Sunday, 13 May 2007

Tour Of My Flat

It was just a little over a week ago that I returned, finally, from Nigeria. I desperately try to find something positive to say about the place, and now back in Aberdeen I can confidently state that the best thing about it is that it's far away, although it should be said that if you trim away the aggression and the senseless, pathetic "do you have a present for me" begging, there was a genuine friendliness in the culture. But some smiles and shaking of hands doesn't compensate for the bad food, filthy streets, insane traffic, lack of infrastructure, gross overpopulation, world-leading corruption, violence, inequality, poverty, appalling inefficiency, disease, pollution, hopelessness and the overwhelming sense that despite the desperate (yet enthusiastic) practicing of religion, all forms of God have long abandoned this forlorn nation and left it at the mercy of cheating, power-crazy leaders and paranoid, money-obsessed whoremongering expat oil workers.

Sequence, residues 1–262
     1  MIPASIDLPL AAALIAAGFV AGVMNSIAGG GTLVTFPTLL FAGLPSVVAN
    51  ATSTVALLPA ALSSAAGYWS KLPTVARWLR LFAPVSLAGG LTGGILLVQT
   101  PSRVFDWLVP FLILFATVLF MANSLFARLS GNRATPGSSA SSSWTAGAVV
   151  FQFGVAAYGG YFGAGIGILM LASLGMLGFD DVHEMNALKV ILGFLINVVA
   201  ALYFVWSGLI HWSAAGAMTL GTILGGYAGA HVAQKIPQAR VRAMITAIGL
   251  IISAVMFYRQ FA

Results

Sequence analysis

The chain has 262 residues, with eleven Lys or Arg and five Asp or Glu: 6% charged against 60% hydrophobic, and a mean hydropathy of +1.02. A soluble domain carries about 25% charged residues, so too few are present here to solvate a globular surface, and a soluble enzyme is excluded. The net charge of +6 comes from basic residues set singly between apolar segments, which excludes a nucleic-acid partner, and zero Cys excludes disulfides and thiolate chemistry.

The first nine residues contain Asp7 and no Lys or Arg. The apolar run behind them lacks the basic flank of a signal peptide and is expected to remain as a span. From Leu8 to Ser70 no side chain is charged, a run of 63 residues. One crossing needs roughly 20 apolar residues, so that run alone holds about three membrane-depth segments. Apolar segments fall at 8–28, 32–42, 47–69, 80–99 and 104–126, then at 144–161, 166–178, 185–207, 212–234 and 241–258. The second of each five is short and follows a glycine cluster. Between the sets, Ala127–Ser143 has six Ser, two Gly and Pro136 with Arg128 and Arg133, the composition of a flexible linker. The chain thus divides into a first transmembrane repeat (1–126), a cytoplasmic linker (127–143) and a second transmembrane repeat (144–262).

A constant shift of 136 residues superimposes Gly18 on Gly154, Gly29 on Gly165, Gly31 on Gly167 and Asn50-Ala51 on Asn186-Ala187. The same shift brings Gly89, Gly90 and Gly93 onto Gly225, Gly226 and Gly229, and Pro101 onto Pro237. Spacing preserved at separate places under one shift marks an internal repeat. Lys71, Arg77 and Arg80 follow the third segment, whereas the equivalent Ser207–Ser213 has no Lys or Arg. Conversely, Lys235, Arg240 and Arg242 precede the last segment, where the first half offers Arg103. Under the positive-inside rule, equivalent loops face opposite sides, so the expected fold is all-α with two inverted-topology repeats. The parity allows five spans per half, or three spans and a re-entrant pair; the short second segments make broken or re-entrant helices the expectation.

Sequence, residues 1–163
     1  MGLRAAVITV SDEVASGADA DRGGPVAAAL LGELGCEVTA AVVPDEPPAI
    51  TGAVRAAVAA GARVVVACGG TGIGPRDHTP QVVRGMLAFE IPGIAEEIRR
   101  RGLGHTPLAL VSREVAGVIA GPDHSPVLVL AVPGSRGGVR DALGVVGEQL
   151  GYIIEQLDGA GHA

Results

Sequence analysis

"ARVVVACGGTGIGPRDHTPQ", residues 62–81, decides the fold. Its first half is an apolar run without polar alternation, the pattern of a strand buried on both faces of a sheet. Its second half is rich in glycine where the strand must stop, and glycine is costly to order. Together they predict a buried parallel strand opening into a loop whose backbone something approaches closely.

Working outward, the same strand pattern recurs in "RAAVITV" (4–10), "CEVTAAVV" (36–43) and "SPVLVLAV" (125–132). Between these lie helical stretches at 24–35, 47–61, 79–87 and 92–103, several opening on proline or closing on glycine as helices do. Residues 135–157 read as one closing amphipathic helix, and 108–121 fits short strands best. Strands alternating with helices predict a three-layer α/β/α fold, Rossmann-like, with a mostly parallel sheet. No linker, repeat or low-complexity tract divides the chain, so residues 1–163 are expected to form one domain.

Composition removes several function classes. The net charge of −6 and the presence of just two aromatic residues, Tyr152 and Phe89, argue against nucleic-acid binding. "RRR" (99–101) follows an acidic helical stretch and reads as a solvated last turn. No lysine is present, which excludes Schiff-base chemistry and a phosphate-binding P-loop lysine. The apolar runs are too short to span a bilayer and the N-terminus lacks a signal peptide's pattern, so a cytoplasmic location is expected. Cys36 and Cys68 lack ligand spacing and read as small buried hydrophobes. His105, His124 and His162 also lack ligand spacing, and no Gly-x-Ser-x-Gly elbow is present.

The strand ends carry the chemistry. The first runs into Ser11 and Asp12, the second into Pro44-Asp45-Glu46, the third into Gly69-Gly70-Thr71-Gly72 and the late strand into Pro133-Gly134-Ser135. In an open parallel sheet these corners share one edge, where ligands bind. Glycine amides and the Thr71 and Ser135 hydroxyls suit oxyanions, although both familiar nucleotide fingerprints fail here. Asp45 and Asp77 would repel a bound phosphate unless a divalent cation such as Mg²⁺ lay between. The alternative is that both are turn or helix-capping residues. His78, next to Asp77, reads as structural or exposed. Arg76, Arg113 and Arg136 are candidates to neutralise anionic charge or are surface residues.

So it was a relief, you might guess, for me to get back to Scotland, and back to familiar faces and cold weather. Or is that cold faces and familiar weather? I've been enjoying my time back, and have been home to Dingwall to see my mother, my whisky-soaked grandfather and even my cousin for the first time in almost four years. I've met up with friends, drank proper beer again, played poker (and lost), eaten many pies, and enjoyed the tranquil sounds of brutal techno on a proper hi-fi. In the midst of all this revelry, I even had time to be involved in a train crash.It should be noted that I managed to sleep right through this dramatic crash, which appeared to have been between the train and a tree, and was most upset that the incident didn't even injure let alone cause the death of one of the multitude of screeching harpies that were seated around me in the train.